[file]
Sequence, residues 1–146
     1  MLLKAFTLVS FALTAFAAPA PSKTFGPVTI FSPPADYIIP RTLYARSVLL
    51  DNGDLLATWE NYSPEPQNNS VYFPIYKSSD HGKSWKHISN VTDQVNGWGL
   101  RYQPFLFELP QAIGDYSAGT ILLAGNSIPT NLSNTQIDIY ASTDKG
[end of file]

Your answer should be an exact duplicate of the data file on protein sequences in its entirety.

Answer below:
Sequence, residues 1–146
     1  MLLKAFTLVS FALTAFAAPA PSKTFGPVTI FSPPADYIIP RTLYARSVLL
    51  DNGDLLATWE NYSPEPQNNS VYFPIYKSSD HGKSWKHISN VTDQVNGWGL
   101  RYQPFLFELP QAIGDYSAGT ILLAGNSIPT NLSNTQIDIY ASTDKG